Increase in Pappalysin Levels Could Promote IGF-1 Bioavailability in Children with Prader-Willi Syndrome

The increase in free insulin-like growth factor (IGF)-I levels in prepubertal children with Prader-Willi Syndrome (PWS) treated with exogenous growth hormone (GH) could be caused by increased pregnancy-associated plasma protein A (PAPP-A, PAPP-A2) levels and a reduction in stanniocalcins (STC-1, STC-2), according to a study recently published in The Journal of Clinical Endocrinology & Metabolism.

Researchers led by Jesus Argente, MD, PhD, professor of Pediatrics and Pediatric Endocrinology at Hospital Infantil Universitario Niño Jesús in Madrid, Spain, point out that children with PWS have decreased IGF-1 levels, independent of nutritional status, which indicates dysfunction of GH secretion. “Furthermore, the GH deficiency seen in PWS is independent of obesity, with low spontaneous and pharmacologically stimulated GH secretion observed in both children and adults,” the authors write.

The authors go on to note that while various studies have analyzed growth, body composition, metabolic alterations, and cognitive issues in these patients, as well as the effects of GH treatment on these processes, the changes in peripheral components of the IGF-1 axis in children with PWS remain unclear. They point to pappalysins and stanniocalcins, “new players,” which regulate IGF binding-protein (IGFBP) cleavage and IGF bioavailability, but their implication in PWS is unknown.

“To our knowledge there are no studies in children and adolescents with PWS where the classical components of the GH-IGF axis have been analyzed together with these new players, PAPP-As and STCs, modulators of IGF actions,” the authors write. “Thus, the objectives of this study were to determine serum levels of PAPP-As and STCs in relationship with IGF axis components in children and adolescents with PWS, and the possible changes in the GH-IGF system after GH treatment in children with this syndrome.”

For this study, the researchers analyzed data from 40 children with PWS (18 Italian and 22 Spanish; 20 female and 20 male), as well as 38 adolescents (16 male and 22 female) with exogenous obesity and 120 healthy age- and sex-matched controls. How GH treatment affected 11 children was evaluated after six months.

“Children with PWS had lower levels of total IGF-I, total and intact IGFBP-3, acid-labile subunit, intact IGFBP-4, and STC-1, and they had higher concentrations of free IGF-I, IGFBP-5, and PAPP-A,” the authors write. “Patients with PWS after pubertal onset had decreased total IGF-I, total and intact IGFBP-3, and intact IGFBP-4 levels, and had increased total IGFBP-4, and STCs concentrations. GH treatment increased total IGF-I, total and intact IGFBP-3, and intact IGFBP-4, with no changes in PAPP-As, STCs, and free IGF-I levels. Standardized height correlated directly with intact IGFBP-3 and inversely with PAPP-As and the free/total IGF-I ratio.”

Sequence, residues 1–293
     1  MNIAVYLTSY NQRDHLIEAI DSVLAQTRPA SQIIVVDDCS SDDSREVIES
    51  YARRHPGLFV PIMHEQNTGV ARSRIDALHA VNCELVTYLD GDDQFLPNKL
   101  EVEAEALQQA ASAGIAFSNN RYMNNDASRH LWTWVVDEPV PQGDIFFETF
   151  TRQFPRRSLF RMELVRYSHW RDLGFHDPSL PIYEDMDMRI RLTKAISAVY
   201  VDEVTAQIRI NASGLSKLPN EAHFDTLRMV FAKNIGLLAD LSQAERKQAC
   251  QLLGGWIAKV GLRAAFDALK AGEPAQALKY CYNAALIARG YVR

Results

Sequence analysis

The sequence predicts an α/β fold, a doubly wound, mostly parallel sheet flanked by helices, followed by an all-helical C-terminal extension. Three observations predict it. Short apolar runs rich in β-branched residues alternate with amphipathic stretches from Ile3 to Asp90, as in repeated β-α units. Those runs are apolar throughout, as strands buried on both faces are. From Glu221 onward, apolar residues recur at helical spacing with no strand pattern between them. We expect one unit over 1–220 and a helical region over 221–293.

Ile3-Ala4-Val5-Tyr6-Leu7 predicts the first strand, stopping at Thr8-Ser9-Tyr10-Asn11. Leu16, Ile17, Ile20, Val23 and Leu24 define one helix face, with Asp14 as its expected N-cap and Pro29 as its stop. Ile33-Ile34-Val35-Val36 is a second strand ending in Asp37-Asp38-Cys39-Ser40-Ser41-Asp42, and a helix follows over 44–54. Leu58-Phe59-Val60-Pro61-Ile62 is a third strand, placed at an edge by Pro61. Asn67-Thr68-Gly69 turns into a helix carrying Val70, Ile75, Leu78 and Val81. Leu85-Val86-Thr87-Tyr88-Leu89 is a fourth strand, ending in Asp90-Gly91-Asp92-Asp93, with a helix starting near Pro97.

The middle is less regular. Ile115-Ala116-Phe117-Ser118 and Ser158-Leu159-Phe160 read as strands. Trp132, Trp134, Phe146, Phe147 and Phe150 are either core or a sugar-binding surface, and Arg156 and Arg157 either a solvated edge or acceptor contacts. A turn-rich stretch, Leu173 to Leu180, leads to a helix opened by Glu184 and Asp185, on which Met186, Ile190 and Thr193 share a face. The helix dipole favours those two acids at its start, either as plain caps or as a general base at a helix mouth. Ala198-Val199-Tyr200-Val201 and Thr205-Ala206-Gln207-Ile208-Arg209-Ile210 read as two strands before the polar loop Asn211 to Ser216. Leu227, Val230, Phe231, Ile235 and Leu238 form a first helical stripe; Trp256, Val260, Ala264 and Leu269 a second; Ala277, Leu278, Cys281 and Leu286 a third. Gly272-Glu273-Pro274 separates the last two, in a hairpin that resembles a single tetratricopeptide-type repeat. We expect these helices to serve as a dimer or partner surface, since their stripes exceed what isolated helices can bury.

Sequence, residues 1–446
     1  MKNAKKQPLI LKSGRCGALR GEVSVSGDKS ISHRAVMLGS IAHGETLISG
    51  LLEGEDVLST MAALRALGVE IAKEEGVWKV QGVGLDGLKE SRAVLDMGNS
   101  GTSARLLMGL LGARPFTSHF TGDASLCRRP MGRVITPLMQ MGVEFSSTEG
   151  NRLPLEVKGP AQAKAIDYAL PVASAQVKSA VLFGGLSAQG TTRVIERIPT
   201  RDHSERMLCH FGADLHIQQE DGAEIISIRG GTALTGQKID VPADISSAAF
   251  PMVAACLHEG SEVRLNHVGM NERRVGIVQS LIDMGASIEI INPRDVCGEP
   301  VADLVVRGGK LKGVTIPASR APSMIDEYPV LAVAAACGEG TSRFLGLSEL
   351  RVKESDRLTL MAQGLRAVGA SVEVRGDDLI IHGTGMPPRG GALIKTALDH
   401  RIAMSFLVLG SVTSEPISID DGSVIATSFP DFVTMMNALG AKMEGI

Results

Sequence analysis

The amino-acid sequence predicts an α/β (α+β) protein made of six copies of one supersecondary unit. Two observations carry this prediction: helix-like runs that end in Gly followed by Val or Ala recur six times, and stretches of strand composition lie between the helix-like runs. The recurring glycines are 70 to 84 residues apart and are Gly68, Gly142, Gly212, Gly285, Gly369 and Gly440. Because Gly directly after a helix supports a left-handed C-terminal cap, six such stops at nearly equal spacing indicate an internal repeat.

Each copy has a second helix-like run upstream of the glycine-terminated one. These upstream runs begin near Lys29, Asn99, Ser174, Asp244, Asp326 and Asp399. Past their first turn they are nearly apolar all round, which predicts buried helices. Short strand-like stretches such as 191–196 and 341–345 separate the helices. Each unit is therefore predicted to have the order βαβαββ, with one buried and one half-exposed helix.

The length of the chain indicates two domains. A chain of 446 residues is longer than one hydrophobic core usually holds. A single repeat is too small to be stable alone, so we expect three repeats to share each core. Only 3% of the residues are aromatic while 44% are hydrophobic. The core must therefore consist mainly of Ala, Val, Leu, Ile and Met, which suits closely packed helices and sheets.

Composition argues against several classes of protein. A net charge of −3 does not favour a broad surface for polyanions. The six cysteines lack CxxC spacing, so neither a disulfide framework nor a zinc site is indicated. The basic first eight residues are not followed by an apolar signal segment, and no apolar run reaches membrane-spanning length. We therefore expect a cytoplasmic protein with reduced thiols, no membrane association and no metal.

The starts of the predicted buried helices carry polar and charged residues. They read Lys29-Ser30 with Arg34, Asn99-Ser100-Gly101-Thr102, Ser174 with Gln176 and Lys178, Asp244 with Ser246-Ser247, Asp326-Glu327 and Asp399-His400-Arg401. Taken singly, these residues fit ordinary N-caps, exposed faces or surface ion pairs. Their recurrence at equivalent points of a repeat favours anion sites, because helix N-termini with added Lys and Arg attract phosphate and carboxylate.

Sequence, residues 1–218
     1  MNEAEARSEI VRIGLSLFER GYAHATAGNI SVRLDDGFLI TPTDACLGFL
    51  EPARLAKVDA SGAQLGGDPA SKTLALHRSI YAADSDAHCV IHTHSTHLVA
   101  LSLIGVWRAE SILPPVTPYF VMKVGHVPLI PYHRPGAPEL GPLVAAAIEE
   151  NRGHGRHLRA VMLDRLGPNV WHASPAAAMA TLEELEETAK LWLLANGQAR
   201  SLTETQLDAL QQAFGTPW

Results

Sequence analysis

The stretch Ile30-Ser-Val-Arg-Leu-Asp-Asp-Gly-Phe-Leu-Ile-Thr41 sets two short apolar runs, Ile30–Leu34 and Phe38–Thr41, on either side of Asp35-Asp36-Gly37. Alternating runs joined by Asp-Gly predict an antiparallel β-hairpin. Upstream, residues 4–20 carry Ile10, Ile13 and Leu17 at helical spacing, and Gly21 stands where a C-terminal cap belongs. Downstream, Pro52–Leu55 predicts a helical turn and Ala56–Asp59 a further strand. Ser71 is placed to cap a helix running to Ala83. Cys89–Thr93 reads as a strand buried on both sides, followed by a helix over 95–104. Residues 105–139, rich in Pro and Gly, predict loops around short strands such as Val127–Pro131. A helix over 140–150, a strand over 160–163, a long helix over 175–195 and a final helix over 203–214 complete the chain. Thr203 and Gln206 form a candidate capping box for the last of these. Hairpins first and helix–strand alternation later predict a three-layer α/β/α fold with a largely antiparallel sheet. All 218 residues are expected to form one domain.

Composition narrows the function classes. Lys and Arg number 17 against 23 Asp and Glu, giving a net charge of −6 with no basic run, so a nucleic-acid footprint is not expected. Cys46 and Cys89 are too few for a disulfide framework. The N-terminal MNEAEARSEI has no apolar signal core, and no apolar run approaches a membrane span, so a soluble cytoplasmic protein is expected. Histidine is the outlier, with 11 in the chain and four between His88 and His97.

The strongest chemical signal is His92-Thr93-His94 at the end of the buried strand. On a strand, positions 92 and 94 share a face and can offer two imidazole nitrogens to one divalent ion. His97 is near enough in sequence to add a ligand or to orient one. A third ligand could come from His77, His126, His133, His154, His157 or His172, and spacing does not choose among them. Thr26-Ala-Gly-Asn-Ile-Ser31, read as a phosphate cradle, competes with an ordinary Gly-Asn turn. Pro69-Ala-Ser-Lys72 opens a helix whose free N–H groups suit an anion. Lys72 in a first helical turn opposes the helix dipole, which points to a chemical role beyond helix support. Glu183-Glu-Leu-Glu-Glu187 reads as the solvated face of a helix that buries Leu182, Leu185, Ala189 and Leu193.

The authors write that the finding of a direct relationship between standardized height with intact IGFBP-3 levels and the inverse relationship with the ratio of free/total IGF-I and serum PAPP-A and PAPP-A2 concentrations was surprising, but could possibly question that accuracy of using free IGF-I as a marker of growth and the response to GH administration, at least in these patients. “Moreover, Chen et al showed the temporal association between the increase in GH and reduction in free IGF-I levels, suggesting that circulating free IGF-I mediates the feedback regulation of GH secretion,” they write. “This finding, together with the short stature of the subjects with PWS included in this study and their rise in IGF-I levels, could indicate a certain degree of perturbation of the GH-IGF axis in PWS and therefore, its possible relationship with GH resistance.”

The study covers a lot, but the authors conclude that the increase in PAPP-A could be involved in increased IGFBP proteolysis, promoting IGF-I bioavailability in children with PWS. They also write that future studies are needed to establish the relationship between growth, GH resistance, and changes in the IGF axis during development and after GH treatment in these patients. “These results suggest that the differences in IGF-I bioavailability and IGFBP cleavage during childhood and adolescence, most likely due to changes in pappalysins and stanniocalcins, are relevant for understanding the disturbances in the GH-IGF axis in patients with PWS and could be helpful in clinical practice,” they write.